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If you’re like me, you occasionally find yourself poking around on Google Scholar for linguistic studies of patent law.  And when you do, you find studies in two distinct clusters: computational studies of patent corpora for purposes of information retrieval and classification (generally published in computational-linguistics journals), and arguments about the applicability of various linguistic theories to the interpretation of patent claims (generally published in law reviews and written by legal scholars who are not linguists).

The two clusters don’t seem to be in conversation with one another. I haven’t done an in-depth analysis, but I’d be mildly surprised if a paper in either cluster has ever cited a paper in the other cluster.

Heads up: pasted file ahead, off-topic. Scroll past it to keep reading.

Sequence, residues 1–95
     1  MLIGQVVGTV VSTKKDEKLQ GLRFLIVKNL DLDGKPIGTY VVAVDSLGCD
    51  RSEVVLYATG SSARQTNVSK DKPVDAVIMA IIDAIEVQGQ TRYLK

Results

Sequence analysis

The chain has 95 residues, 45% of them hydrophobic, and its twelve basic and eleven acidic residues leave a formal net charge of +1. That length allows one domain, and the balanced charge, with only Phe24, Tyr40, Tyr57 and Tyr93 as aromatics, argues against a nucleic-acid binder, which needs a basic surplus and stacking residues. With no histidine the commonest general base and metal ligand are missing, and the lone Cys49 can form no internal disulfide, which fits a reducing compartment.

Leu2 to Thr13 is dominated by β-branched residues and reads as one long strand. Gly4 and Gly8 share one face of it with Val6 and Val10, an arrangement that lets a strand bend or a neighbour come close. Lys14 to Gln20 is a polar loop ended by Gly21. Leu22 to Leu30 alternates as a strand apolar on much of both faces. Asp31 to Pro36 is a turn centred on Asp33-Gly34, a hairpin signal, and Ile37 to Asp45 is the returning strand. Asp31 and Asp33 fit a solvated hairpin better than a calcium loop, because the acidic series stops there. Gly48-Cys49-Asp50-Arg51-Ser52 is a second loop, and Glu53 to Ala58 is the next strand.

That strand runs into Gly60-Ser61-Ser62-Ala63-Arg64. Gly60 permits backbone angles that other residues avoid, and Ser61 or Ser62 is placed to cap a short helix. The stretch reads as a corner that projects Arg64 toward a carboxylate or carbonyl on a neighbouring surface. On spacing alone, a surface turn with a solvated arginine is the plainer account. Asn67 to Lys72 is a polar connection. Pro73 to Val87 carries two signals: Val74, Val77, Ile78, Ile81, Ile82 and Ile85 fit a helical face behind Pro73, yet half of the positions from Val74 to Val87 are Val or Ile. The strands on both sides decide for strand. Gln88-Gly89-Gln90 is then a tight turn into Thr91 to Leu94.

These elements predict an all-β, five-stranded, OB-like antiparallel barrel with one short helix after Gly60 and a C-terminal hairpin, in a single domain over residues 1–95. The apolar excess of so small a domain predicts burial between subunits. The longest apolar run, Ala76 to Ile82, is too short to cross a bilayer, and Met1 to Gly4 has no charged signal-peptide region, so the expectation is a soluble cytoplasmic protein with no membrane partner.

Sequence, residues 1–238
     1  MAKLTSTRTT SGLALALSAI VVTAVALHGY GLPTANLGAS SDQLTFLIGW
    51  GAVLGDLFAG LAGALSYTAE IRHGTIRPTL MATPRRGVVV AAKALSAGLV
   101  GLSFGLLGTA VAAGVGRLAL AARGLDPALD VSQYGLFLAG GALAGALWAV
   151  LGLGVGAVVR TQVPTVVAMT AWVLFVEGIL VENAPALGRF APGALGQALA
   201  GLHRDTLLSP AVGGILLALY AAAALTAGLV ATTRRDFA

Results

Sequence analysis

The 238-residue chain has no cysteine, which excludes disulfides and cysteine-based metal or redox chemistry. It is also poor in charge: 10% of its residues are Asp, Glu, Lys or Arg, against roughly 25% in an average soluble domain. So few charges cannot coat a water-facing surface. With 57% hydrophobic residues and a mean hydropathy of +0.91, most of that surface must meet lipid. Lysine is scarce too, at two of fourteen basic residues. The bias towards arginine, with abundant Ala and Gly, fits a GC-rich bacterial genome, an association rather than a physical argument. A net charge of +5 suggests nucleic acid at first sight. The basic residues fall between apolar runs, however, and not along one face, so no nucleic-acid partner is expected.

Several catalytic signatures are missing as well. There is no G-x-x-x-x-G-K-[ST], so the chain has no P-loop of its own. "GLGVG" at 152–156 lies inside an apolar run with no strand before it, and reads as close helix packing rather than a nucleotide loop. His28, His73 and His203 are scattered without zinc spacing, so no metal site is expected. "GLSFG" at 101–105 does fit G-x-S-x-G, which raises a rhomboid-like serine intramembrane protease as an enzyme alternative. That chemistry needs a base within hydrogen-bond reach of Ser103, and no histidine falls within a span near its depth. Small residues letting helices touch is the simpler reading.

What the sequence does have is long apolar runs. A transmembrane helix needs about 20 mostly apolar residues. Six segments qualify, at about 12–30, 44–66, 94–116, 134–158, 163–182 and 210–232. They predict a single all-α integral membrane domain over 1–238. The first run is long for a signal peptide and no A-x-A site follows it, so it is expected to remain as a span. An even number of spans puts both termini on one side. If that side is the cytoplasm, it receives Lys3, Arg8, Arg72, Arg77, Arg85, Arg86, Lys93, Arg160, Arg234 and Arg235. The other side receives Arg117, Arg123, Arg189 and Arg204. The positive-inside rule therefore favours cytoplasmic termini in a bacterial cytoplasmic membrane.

Neither of these clusters is terribly surprising; they’re both fascinating areas of inquiry.  But it’s striking that the broader “legal linguistics” movement seems to barely have touched on patent law at all.  And that’s especially odd because of the unique areas of linguistic interest that patent law affords. For example, United States patent law offers the Markman order, perhaps the only distinct legal genre anywhere that deals exclusively with the meanings of words.

My suspicion here is that the barriers around patent law are high enough — and the available scholarly terrain within legal linguistics still open enough — that a proper linguistic characterization of the unique language games involved in patent law hasn’t yet seemed worth any scholar’s time.

But still, it’s rather odd. Perhaps the gaps will begin to be filled in as legal linguistics becomes a more mainstream field of inquiry and new scholars look for new fields to till.